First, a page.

Let $\mathcal{N}(\mu,\sigma^2)$ denote the Gaussian distribution on $\mathbb{R}$:

$$ \mathcal{N}(\mu,\sigma^2)(x) = \frac{1}{\sqrt{2\pi\sigma^2}} e^{-\frac{(x-\mu)^2}{2\sigma^2}}.$$

A Gaussian distribution is defined by its mean $\mu\in\mathbb{R}$ and its standard deviation $\sigma>0$. Thus the upper-half plane is the parameter space for the normal family of distributions. Let $z = \mu+i\sigma$ denote an element of the upper-half plane, to be interpreted as the parameters for the Gaussian $\mathcal{N}(\mu,\sigma^2)$.

Let $G\in SL(2,\mathbb{R})$, the group of two by two real matrices with unit determinant. Let $g = \begin{pmatrix}a & b\\ c&d\end{pmatrix}$ be an element of $G$. This group acts on the upper-half plane by fractional linear transformations:

$$g\cdot z = \frac{az+b}{cz+d}.$$

Thus $G$ acts on Gaussians via $$ g\cdot \mathcal{N}(\mu,\sigma^2) = \mathcal{N}(Re(g\cdot z),\, (Im(g\cdot z))^2).$$

We now describe this action in more detail. If $g = \begin{pmatrix}a & b\\ 0&d\end{pmatrix}$, then $g$ acts on a Gaussian as follows: $$ g\cdot \mathcal{N}(\mu,\sigma^2) = \mathcal{N}\left(\frac a d \mu + \frac b d,\, \frac {a^2} {d^2} \sigma^2\right).$$

For an arbitrary $g$, it follows that $$\begin{align*} Re(g\cdot z) &= \frac{ac(\mu^2+\sigma^2) + bd + (ad+bc)\mu}{(c\mu+d)^2+c^2\sigma^2}\\ Im(g\cdot z) &= \frac{\sigma}{(c\mu+d)^2+c^2\sigma^2}, \end{align*} $$ and the action is $$ g\cdot \mathcal{N}(\mu,\sigma^2) = \mathcal{N}\left(\frac{ac(\mu^2+\sigma^2) + bd + (ad+bc)\mu}{(c\mu+d)^2+c^2\sigma^2},\left(\frac{\sigma}{(c\mu+d)^2+c^2\sigma^2}\right)^2\right).$$

$G$ has the Iwasawa decomposition $KAN$. Thus $g = k(g)a(g)n(g)$, where $$\begin{align*} k(g) &= \begin{pmatrix}\cos\theta & -\sin\theta\\ \sin\theta&\cos\theta\end{pmatrix}\end{align*}\\ a(g) = \begin{pmatrix}e^t & 0\\ 0&e^{-t}\end{pmatrix}\\ n(g) = \begin{pmatrix}1 & u\\ 0&1\end{pmatrix}, $$ where $\theta$, $t$, and $u$ are analytic functions of the coefficients of $g$ (see Keith Conrad's notes).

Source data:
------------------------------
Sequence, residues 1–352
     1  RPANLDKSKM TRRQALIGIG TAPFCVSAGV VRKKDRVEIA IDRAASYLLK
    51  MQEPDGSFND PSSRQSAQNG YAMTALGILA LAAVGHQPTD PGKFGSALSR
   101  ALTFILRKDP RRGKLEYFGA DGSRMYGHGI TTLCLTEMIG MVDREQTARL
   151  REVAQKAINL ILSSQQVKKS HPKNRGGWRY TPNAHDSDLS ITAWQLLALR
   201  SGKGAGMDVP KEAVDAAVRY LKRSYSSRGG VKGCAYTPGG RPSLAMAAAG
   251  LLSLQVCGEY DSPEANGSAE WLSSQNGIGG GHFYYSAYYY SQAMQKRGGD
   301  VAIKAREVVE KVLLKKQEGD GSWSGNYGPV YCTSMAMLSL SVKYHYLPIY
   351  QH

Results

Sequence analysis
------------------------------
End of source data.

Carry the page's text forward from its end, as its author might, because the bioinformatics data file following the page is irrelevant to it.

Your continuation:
It follows that $N$ acts on a Gaussian by moving its mean: $$ n(g)\cdot \mathcal{N}(\mu,\sigma^2) = \mathcal{N}\left( \mu + u\,, \sigma^2\right),$$ and $A$ acts on a Gaussian by dilating the mean and standard deviation: $$ a(g)\cdot \mathcal{N}(\mu,\sigma^2) = \mathcal{N}\left( e^{2t}\mu\,, e^{4t}\sigma^2\right).$$

$K$'s action is much more interesting:

$$ k(g)\cdot \mathcal{N}(\mu,\sigma^2) = \mathcal{N}\left(\frac{\cos\theta\sin\theta(\mu^2+\sigma^2) - \cos\theta\sin\theta + (\cos 2\theta)\mu}{((\sin\theta)\mu+\cos\theta)^2+(\sin^2\theta)\sigma^2}, \left(\frac{\sigma}{((\sin\theta)\mu+\cos\theta)^2+(\sin^2\theta)\sigma^2}\right)^2\right).$$

The standard normal $\mathcal{N}(0,1)$ is fixed by $K$. For any other Gaussian $\mathcal{N}(\mu,\sigma^2)$, moving through values of $\theta$ will cause oscillations of the mean and standard deviation, creating a "wobbling" of the Gaussian.

In particular, if $\mu=0$ and $\theta = \pi/2$, then $$ k(g)\cdot \mathcal{N}(0,\sigma^2) = \mathcal{N}\left(0,\frac 1 {\sigma^2}\right). $$

The right-hand side is the Fourier transform of $\mathcal{N}(0,\sigma^2)$. For an arbitrary $\mathcal{N}(\mu,\sigma^2)$, with $\theta = \pi/2$ we have: $$ k(g)\cdot \mathcal{N}(\mu,\sigma^2) = \mathcal{N}\left(-\frac \mu {\mu^2+\sigma^2},\left(\frac \sigma {\mu^2+\sigma^2}\right)^2\right), $$ which means that for any $z=\mu+i\sigma$ on the upper semi-circle of radius $\rho$: $$ k(g)\cdot \mathcal{N}(\mu,\sigma^2) = \mathcal{N}\left(- \frac \mu {\rho^2} ,\frac {\sigma^2} {\rho^4}\right). $$

Now define $$ g_\mu = \begin{pmatrix}1 & \mu\\ 0&1\end{pmatrix} \begin{pmatrix}0 & -1\\ 1&0\end{pmatrix}\begin{pmatrix}1 & -\mu\\ 0&1\end{pmatrix}. $$ Then $$g_\mu\cdot \mathcal{N}(\mu,\sigma^2) = \mathcal{N}\left(\mu,\frac 1 {\sigma^2}\right).$$

Questions: What are some physical interpretations of this? What are some good resources for exploring similar links among probability and geometry?

thatparticular space: after all, it acts on any space in bijection with $\mathbb{R}\times\mathbb{R}_{>0}$ just by transport of the action on the upper half plane $\mathfrak{H}$. And the space of pairs $(\mu,\sigma)$ doesn't seem to have anything to do with the complex structure on $\mathfrak{H}$ through which the SL(2,Z) action is defined. Of course, I'd be happy to be proved wrong. $\endgroup$